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Review Brew – Red Hood and The Outlaws #7

Oh Bizarro. You break my heart.

Red Hood and The Outlaws #7
Writer: Scott Lobdell
Artist: Mirko Colak
Colors: Veronica Gandini
Letters: Taylor Esposito
Breakdowns: Tom Derenick
Covers: Giuseppe Camuncoli w Cam Smith and Dean White; Guillem March
Editors: Brittany Holzherr/Alex Antone/Marie Javins
Publisher: DC Comics

This issue is all about friendship and the difference one person can make in the course of a life. It’s also very much about Bizarro, what he is, why he is and who he can be. Bizarro, in some ways, is as innocent as a child: filled with love and wonder at the world around him but prone to outburst when he feels endangered or, more importantly, someone he cares for is in danger. Programmed with Clark’s memories, he knows, technically, right from wrong but his experiences are not his own and so they don’t bear any real weight on his decisions. That is, until he met Jason. Jason is his touchstone. The first person he connected with from the moment he came out of stasis and the one person he will do anything to protect. Bizarro loves Jason because, unlike the previous clones who were destroyed, Jason doesn’t see Bizarro as a weapon, but as a person. Jason doesn’t expect anything from Bizarro and treats him with a gentleness that he has very much never received, canonically before. Unfortunately that love, and protectiveness, leads to a moment that could set Bizarro down a path of destruction that he’d never come back from.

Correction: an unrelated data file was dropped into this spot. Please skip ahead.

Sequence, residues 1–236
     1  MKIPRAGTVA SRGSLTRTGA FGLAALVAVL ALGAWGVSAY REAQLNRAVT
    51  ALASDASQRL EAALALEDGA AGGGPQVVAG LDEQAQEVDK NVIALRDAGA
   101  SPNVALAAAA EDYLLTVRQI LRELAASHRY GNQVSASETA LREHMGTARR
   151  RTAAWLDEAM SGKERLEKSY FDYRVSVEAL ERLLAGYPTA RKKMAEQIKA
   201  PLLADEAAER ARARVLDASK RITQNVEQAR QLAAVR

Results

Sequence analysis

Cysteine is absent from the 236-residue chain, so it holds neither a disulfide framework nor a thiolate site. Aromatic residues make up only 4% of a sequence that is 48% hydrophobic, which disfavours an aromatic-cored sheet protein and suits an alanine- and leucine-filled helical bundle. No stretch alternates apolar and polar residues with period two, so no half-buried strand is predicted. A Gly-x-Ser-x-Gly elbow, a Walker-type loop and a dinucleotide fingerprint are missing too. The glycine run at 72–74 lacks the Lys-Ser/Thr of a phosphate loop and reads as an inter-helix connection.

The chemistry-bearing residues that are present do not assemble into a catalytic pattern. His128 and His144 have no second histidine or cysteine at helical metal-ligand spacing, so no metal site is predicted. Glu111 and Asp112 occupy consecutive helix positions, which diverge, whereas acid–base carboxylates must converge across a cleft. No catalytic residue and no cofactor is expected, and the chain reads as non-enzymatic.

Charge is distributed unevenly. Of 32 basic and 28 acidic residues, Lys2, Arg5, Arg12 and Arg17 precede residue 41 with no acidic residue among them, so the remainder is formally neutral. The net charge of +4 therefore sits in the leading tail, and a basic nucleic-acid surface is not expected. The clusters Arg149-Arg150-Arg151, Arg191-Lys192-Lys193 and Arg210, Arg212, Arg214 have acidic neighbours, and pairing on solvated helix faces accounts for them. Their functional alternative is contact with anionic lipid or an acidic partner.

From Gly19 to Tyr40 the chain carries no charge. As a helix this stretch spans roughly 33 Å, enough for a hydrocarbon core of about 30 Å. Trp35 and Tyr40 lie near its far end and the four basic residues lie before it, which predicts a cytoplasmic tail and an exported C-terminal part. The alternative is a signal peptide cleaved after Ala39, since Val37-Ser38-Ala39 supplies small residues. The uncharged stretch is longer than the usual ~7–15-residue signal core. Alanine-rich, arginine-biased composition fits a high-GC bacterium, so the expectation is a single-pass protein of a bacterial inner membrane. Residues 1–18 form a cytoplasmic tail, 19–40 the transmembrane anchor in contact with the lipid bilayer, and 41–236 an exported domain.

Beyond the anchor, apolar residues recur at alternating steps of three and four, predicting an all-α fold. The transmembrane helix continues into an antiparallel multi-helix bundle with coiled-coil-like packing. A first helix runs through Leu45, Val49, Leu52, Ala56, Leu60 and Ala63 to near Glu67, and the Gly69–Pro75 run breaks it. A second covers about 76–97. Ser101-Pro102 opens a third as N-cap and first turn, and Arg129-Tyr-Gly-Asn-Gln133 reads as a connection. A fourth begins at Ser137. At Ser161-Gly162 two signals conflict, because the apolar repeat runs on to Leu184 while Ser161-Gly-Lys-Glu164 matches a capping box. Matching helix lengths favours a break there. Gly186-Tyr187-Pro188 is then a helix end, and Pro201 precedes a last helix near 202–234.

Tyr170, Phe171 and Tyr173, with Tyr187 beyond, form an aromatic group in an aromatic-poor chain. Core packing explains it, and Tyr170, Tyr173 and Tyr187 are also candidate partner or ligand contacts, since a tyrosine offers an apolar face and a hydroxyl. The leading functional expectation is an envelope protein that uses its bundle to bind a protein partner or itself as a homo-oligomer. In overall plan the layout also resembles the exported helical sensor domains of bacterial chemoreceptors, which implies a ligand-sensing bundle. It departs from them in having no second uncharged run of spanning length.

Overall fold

Lobdell does a truly heartbreaking job of writing Bizarro’s experiences, giving us the utter loneliness and pain that this character, too often a punchline or an afterthought, has experienced. It’s what makes Bizarro’s attachment to Jason (and Red Her and Pup-Pup) so real and honest. There’s a scene in the book that made me cry as Bizarro explained what Jason’s friendship means to him, it’s so well written and thoughtful.

Unfortunately the artwork doesn’t hold up. Mirko Colak, filling in for Dexter Soy, isn’t quite up to the challenge. The detail I’ve come to expect in a RHATO book just isn’t there. The lines aren’t as clean, the backgrounds aren’t as crisp and the character work isn’t consistent. At points I had to go back and reexamine pages to make sure that a character who was speaking was the same one that had been speaking before. Artemis and Jason in particular look nothing as they’ve been portrayed up until this point, either in this book or in any of the Bat-Fam books. It’s jarring and though Gandini gives it her best efforts, her colors can’t fix the mess.

Overall, this issue get 3 kryptonite shards out of 5 .

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